HH: So you see that happening? Someone is going to do that?

MH: Yeah.

HH: And how long of a bombing campaign would that require? You’re a former member of the Israeli Air Force. How many strikes does that take?

MH: Oh, well, how long a campaign? It’s done within an hour. It has to be, because of the fueling requirements. The actual bombing would be done, certainly within an hour. And it can be done, it can be done in a number of ways. Both Israel and the United States have been working on this for many years, in conjunction with one another, and also in view of taking out other facilities in other places. But the circumstances are such that the people I know, I’ve read in various publications oh, it can’t be done because it’s too far away, and they have missiles protecting it, and it’s underground, etc. It’s absolute nonsense. It certainly can be done.

HH: All right, what about Iraq? Do you see a Hosni Mubarak figure arising, a strongman? Do you see the genocide that Max Boot warned about on this program yesterday, and Fred Kagan the day before, if we are to withdraw? What do you see that country looking like in five years?

MH: Well, you have a genocide, but it’s moving in slow motion, and it has been for a couple of years. Certainly, were we to take out our troops, which are like the control rods in a nuclear reactor, it would increase in intensity, but then it would be over, and there would be some sort of political stability, what in engineering is called the angle of repose. In other words, it would flare up, there’s no question, but then there would be a winner, and the winner would be ruthless like Saddam Hussein was, but nonetheless, then things would quiet down, and you would have the same old situation that you have in a totalitarian country like that.

HH: And would we better off at that point, at the angle of repose, than we were in March of 2003?

MH: We could be, if were to station our forces as we should have in the beginning, in the area in Northern Saudi Arabia, which has a network of military bases insulated by the desert, so there’d be no casualties, we’d not be fighting an insurgency from which we could reach Baghdad, Riyadh, or Damascus within three days in force, to take down any government which crossed us. And those governments, they live for power, and they would reach some sort of modus vivendi with us, by cleaning out their terrorists, restraining them.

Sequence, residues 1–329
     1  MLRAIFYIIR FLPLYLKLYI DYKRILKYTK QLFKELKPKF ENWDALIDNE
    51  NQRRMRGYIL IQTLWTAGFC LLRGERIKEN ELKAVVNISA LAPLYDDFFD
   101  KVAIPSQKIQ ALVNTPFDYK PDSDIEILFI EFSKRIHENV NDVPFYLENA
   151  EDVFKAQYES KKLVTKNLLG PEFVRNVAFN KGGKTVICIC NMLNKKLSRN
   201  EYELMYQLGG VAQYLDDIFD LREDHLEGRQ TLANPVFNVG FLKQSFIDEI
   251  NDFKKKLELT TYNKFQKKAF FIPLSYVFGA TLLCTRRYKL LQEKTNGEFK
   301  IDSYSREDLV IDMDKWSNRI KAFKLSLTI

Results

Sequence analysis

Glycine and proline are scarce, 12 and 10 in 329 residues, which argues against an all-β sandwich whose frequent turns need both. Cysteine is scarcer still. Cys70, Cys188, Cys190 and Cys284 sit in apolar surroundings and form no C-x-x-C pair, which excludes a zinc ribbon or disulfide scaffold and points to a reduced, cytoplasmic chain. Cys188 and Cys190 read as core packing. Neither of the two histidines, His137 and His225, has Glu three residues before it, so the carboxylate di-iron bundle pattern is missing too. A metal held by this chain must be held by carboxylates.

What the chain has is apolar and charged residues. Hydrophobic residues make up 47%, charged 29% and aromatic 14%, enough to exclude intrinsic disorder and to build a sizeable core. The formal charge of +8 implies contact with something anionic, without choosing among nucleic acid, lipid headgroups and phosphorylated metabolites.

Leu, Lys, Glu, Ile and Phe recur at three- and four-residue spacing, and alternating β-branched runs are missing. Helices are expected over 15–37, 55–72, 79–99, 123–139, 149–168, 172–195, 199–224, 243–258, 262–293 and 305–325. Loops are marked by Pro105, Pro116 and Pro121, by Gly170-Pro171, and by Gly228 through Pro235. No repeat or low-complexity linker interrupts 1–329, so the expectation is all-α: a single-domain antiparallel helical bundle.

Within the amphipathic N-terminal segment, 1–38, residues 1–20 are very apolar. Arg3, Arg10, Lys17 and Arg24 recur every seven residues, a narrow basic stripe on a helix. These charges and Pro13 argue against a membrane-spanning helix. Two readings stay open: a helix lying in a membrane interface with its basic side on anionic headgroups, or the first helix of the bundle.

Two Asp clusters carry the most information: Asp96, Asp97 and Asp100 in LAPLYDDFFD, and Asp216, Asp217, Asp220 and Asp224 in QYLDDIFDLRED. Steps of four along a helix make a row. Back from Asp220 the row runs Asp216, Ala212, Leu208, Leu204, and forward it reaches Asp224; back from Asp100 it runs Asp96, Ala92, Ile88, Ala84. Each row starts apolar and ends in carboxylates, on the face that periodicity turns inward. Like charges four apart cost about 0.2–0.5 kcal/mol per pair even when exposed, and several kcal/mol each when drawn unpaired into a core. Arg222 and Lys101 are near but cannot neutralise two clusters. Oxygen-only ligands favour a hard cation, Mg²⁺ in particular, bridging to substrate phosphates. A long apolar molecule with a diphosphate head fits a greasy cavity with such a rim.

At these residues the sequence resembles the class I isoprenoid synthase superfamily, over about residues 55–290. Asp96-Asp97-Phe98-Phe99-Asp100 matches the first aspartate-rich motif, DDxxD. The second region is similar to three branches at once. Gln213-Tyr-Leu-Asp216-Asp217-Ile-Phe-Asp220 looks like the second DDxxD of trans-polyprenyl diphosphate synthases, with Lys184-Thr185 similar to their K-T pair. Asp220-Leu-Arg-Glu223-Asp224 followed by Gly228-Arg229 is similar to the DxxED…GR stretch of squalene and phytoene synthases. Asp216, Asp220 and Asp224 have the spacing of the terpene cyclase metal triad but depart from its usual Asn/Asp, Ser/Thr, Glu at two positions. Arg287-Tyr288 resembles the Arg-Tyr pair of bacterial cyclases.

HH: Well, you are really going back to the British model then, Mark Helprin, to when the Mahdi approaches Khartoum and wipes out Gordon, then we will strike back and crush him, and then retreat back to our bases.

MH: Yeah, we can’t govern that area or those people. It’s not possible. And certainly not with the 140,000 troops. I mean, that’s absurd. You realize that’s the same amount of people, in proportion, as there are police in the city of New York. But can you imagine if the people of New York were armed with RPG’s and didn’t speak the language of the police, same language, and the police were at the end of a 15,000 mile supply chain, and they had to also build schools? I mean, it would be impossible. It’s a very small amount of troops. By having that small number there, what we did, essentially, was rely upon allies who were always mythical from the beginning. I mean…

HH: I understand your critique, but I also, I don’t understand your characterization of the loss, because in many respects, now I’m reminded of, what you’re saying is sort of what Max said and Fred Kagan said, which is we need to get to an angle of repose, where the Iraqi army and special forces are imposing order, and that there is a government not hostile to us, and hopefully, occasionally supportive of us, in the position that we don’t have to worry about them developing WMD or launching wars on their neighbors, or subsidizing terror attacks on the United States. That sounds like winning.

MH: Well, no, you see, the thing is…you know, that would be winning, that would be close to winning, if we could do that. But you can’t do that by embracing them and being right in the center as we are right now. The only way to do that would be to pull to a position where, which I…look, I’ve advocated this since before the beginning of the war, to have a fleet in being, so that you can strike and threaten, but let them essentially run it and develop it. The people that we’re supporting in Iraq are our enemies. The government is run by the Shia, and they are our enemies. They’re simply using us, they used us in the past years to build up their forces to keep the Sunni down, the Sunnis down while they built up their forces and armed and organized.

HH: Mark Helprin, I hope to get you back next week to continue this conversation, because that’s a completely different perspective than everyone else we’ve heard this week, and it’s not the nutter left. It’s from a man who know his stuff. I appreciate it, Mark Helprin.

End of interview.